Westinghouse Electric Company, the US nuclear engineering group that went bankrupt last year, has been sold by its owner Toshiba to Canadian asset manager Brookfield in a $4.6bn deal. The acquisition, which is conditional on approval from the bankruptcy court and regulators around the world, is a vote of confidence in the future of Westinghouse’s nuclear services business, in spite of the problems at the two large new nuclear construction projects in the US that forced the company into bankruptcy. Brookfield Business Partners, a separately-listed private equity unit of Brookfield Asset Management, is paying about $4bn in cash for 100 per cent of Westinghouse’s equity, with pension and environmental costs and other liabilities making up the remainder of the price.
FT 4th Jan 2018 read more »
BBC 4th Jan 2018 read more »
Since filing for bankruptcy in March, Westinghouse said it planned to get out of the business of building new reactors and focus on servicing them, including decommissioning work. Since then, reports have surfaced that the Trump administration is encouraging Saudi Arabia to consider bids by Westinghouse and other U.S. companies to build reactors — a politically controversial bid considering previous U.S. agreements prohibited the enrichment of uranium. The deal won’t include what had been the company’s most prized projects — plans to build its AP1000 reactors for U.S. utilities in South Carolina and Georgia. Those projects, plagued by delays and cost overruns, eventually led to its downfall, and Westinghouse has used the Chapter 11 process to distance itself from any obligations to them.
Bloomberg 4th Jan 2018 read more »
Axios 4th Jan 2018 read more »
World Nuclear News 4th Jan 2018 read more »
The Westinghouse woes saddled Toshiba with losses of $8.8bn, forcing the electronics giant to sell its prized microchip business for £18bn and back out of the NuGeneration consortium behind plans to build the Moorside plant. The nuclear project will now be built with the backing of South Korea’s Kepco which bought a 100pc stake in the consortium late last year.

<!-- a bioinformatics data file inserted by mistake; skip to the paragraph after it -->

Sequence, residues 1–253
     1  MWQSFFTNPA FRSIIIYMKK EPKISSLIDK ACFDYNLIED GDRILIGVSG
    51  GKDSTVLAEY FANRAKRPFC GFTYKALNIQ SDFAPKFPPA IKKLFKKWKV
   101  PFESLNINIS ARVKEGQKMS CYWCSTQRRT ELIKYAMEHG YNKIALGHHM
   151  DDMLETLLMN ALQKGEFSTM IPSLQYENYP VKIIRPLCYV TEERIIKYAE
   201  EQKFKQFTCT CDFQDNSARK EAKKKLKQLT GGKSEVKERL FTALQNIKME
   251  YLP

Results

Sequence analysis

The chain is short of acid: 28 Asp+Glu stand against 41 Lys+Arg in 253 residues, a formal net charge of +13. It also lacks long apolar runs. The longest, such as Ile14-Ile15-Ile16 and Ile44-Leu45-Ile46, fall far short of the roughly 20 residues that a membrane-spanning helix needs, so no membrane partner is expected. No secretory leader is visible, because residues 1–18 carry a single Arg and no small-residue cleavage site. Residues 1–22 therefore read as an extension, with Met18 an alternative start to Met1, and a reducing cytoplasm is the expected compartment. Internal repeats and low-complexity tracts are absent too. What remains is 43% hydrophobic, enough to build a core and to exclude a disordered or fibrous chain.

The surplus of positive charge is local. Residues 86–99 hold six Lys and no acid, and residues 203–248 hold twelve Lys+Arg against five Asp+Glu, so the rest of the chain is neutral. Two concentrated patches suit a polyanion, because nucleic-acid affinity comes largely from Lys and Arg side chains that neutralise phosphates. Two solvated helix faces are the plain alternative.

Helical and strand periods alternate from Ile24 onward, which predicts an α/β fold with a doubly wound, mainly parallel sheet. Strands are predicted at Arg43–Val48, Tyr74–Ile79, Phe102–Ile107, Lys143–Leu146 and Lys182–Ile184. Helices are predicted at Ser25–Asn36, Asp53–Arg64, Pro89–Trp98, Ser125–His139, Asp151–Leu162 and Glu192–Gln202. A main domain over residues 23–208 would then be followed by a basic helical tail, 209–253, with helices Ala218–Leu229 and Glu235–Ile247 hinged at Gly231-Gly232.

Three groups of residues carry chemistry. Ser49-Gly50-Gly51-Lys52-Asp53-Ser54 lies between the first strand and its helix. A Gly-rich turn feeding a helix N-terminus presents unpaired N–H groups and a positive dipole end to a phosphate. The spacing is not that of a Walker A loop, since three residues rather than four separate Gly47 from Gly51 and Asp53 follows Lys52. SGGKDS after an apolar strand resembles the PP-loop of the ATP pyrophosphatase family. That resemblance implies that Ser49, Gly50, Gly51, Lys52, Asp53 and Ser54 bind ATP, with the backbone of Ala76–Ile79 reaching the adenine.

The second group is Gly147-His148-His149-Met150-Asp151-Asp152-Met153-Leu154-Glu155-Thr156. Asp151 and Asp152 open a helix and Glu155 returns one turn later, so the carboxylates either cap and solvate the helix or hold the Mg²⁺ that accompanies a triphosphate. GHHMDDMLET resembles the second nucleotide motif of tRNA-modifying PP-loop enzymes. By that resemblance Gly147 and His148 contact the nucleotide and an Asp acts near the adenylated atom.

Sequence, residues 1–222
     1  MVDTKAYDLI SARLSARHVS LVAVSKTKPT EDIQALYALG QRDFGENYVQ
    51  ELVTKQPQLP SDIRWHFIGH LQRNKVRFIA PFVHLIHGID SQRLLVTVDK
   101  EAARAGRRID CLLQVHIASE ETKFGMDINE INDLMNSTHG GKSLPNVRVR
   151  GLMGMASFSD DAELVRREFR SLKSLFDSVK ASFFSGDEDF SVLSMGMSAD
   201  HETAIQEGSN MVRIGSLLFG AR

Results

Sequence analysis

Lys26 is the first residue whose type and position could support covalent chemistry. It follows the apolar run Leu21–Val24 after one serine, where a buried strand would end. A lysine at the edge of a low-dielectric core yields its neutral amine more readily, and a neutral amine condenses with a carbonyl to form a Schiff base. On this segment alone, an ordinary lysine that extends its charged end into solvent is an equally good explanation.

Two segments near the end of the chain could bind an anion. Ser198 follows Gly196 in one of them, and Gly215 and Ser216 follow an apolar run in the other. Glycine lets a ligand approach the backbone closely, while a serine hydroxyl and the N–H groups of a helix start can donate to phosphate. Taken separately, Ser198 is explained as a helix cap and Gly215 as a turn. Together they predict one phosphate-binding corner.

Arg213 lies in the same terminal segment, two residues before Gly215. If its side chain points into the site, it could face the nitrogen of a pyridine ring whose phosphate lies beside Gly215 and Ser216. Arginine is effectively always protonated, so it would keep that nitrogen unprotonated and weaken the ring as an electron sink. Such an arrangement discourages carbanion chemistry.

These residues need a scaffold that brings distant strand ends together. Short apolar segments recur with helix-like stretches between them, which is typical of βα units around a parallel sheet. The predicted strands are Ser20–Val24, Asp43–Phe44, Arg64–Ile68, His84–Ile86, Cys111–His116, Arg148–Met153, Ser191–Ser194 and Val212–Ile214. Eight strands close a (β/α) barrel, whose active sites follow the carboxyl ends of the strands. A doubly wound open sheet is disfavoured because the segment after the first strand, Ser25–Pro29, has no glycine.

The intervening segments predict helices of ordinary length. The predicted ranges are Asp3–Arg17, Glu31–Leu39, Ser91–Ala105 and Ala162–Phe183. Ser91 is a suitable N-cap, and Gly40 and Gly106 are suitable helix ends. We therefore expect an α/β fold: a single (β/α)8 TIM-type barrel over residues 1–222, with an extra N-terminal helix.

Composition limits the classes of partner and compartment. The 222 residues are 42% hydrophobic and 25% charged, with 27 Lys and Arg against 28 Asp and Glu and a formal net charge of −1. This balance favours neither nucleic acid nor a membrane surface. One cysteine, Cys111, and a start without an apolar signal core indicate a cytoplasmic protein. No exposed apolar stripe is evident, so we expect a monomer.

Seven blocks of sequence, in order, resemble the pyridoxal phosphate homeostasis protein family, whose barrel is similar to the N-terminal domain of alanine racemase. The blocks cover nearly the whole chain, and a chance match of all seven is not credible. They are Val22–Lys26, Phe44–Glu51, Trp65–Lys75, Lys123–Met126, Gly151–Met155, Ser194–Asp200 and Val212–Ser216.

Telegraph 4th Jan 2018 read more »
The Fylde coast’s nuclear fuel production factory has got a new owner after a Canadian company swooped to buy the Westinghouse Electric Company from Toshiba. Brookfield Business Partners of Toronto has shelled out $4.6bn to acquire substantially all of the global business of Westinghouse Electric Company. Westinghouse runs the Springfields factory at Salwick which produces fuel for reactors at power stations. The future of the business had been under something of a cloud after parent Toshiba got into financial trouble in February last year. It’s then chairman resigned and Toshiba said it was reviewing its entire nuclear business. It was one of the partners in the Nugen Moorside project to build three new power stations near Sellafield, for which Springfields would supply the fuel. The effect of the deal on the Westinghouse business in the UK is yet to become clear but Brookfield has a track record of investing in and developing “long-life, high quality assets.”
Blackpool Gazette 4th Jan 2018 read more »